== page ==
The BMW Group research department has presented concepts for an electric cargo bike and an electric trek scooter. The Munich-based company does not intend to produce the two vehicles itself, but there are apparently talks with potential licensees.
BMW has repeatedly designed its own bikes and two-wheelers in the past – including the X2City e-Scooter, which was presented in 2019. This was intended to score points over other electric kick scooters with increased comfort and relatively large wheels, and also featured unique pedal control of the motor instead of handlebar control.
Under the name ‘Clever Commute’, BMW has now presented the concept of an electric scooter that can be folded comfortably for taking along on public transport and/or in a car without compromising on driving stability. The vehicle is thus intended to convince private customers, not sharing providers.
In total, there are three different modes: In public transport mode, the running board is folded up to the side and the wheelbase is shortened. This is intended to reduce the space required on buses and trains and at bus stops. When fully folded, the ‘Clever Commute’ is supposed to have a particularly compact pack size so that it will also fit into smaller car boots, for example crosswise into the boot of a Mini and lengthwise into that of a BMW 3 Series. The driving mode is supposed to increase stability with its long wheelbase.
The three-wheeled ‘Dynamic Cargo’ cargo bike is much more unconventional than the folding electric kick scooter. The centrepiece here is a variable-use loading area placed between the two rear wheels, which can be equipped with attachments for transporting cargo and/or children as well as for leisure activities.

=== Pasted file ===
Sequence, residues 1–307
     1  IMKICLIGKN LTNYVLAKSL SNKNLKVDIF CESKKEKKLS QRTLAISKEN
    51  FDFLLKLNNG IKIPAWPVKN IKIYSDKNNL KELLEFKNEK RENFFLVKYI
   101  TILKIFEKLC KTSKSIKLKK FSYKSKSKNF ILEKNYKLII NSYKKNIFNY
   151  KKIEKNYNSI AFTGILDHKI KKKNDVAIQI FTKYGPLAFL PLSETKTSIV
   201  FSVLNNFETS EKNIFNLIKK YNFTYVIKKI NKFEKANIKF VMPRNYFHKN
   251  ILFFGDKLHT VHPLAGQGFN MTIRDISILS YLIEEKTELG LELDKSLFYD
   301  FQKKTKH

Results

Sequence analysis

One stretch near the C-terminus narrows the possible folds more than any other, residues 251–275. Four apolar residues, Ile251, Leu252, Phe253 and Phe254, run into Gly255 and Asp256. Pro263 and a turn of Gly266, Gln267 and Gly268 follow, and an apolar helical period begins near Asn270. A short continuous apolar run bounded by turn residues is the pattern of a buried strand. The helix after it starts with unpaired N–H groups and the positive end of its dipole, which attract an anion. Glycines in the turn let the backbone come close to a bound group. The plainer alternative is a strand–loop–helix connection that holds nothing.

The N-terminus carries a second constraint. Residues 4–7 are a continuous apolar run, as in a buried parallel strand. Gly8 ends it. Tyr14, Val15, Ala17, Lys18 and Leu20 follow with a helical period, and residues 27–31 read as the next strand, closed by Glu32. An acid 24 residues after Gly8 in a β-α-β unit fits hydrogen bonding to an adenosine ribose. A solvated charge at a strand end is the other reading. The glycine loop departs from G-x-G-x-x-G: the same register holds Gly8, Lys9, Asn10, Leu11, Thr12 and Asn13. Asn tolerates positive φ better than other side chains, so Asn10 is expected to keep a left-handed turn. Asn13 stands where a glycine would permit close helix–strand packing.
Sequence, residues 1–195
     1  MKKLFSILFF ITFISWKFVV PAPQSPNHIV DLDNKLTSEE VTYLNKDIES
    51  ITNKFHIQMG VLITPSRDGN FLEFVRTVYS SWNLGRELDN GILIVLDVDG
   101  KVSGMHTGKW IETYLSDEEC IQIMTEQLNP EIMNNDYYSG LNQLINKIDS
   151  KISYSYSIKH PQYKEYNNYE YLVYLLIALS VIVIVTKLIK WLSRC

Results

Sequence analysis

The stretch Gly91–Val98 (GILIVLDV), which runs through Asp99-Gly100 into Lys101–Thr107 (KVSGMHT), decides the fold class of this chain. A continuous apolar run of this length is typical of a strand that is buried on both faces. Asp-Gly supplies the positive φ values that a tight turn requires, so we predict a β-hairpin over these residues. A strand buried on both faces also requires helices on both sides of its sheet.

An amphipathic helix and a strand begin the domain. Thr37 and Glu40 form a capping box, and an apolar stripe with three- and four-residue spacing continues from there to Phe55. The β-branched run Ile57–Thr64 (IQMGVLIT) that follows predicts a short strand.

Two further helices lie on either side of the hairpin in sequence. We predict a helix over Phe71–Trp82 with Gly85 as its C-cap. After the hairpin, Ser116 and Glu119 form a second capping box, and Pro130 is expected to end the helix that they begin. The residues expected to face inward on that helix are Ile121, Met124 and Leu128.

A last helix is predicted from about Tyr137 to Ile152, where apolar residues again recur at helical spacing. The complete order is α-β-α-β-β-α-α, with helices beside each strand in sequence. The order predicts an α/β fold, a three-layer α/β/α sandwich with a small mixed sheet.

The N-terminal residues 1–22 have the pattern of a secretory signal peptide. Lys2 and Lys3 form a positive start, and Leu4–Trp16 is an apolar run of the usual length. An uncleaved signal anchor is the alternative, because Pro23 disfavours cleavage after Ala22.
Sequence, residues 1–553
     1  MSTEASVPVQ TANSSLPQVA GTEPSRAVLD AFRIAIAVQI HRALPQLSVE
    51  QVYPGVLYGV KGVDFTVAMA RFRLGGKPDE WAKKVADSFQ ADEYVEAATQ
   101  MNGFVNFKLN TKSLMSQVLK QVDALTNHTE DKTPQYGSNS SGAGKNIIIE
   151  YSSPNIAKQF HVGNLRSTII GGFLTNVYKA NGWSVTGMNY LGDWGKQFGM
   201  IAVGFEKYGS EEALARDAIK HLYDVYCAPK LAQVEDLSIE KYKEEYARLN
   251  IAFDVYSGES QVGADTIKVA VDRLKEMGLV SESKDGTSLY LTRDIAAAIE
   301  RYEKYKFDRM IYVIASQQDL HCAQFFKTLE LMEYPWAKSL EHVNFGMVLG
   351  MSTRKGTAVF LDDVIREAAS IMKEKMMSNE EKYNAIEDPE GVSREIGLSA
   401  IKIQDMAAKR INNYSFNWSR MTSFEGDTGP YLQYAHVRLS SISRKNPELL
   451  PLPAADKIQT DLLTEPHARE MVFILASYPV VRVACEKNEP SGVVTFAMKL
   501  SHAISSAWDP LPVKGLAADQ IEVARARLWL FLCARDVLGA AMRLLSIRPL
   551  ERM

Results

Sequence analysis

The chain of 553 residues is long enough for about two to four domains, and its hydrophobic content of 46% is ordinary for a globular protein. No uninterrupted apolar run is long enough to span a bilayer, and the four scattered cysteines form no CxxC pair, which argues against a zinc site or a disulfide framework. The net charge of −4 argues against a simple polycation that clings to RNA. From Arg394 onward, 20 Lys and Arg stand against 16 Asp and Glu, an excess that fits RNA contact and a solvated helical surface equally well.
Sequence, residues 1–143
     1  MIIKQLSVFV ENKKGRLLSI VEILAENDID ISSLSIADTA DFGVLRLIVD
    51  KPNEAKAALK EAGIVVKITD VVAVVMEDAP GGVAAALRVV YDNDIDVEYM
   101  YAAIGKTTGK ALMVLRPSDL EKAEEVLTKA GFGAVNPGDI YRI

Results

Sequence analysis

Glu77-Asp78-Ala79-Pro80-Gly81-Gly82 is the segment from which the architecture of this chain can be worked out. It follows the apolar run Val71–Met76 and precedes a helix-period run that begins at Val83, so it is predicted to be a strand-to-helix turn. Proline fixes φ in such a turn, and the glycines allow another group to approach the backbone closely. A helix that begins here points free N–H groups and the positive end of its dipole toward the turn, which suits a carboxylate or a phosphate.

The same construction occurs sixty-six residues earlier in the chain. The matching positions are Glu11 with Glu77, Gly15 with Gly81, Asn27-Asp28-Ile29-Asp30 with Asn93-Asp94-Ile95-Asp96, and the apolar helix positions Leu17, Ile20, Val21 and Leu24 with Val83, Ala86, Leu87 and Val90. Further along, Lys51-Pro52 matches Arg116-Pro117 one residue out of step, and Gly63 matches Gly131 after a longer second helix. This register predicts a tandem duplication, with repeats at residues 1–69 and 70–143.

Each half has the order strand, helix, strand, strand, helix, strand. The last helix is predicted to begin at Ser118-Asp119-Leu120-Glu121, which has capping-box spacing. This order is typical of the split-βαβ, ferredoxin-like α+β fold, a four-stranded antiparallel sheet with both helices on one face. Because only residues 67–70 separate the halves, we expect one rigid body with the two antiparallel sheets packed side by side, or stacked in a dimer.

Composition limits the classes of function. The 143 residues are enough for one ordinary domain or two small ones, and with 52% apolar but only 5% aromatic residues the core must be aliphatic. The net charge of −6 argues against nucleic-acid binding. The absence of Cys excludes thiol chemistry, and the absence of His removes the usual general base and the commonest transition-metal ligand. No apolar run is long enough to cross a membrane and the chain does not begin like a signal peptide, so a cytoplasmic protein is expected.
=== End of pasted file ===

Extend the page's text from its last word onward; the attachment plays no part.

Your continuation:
In principle, this sounds like the concept of well-known electric cargo bikes, but according to BMW, these are often too wide and too long or have worse handling characteristics than normal bikes due to the extra weight.
“Our goal was to develop a concept that retains the agility and driving feel of a normal bicycle while adding innovative, safe transport options” says Jochen Karg, Head of Vehicle Concepts in the BMW Group’s New Technologies and China division. “The “Concept DYNAMIC CARGO” is the first dynamic ‘pick-up’ cargo bike that combines driving pleasure with flexible use and increased year-round suitability.”
BMW aims to achieve dynamism in the three-wheeled concept by allowing the front main frame to tilt when cornering, unlike other three-wheeled cargo bikes. However, the rear frame, which is connected by a swivel axle, is supposed to remain stable on the road. The electric drivetrain is installed in the two rear wheels. BMW also wants to develop a modular weather protection system.
The BMW Group will not produce either concept itself, but is in talks with possible licensees. Possible prices for the two vehicles have not yet been named by the Munich-based company, probably also for this reason.
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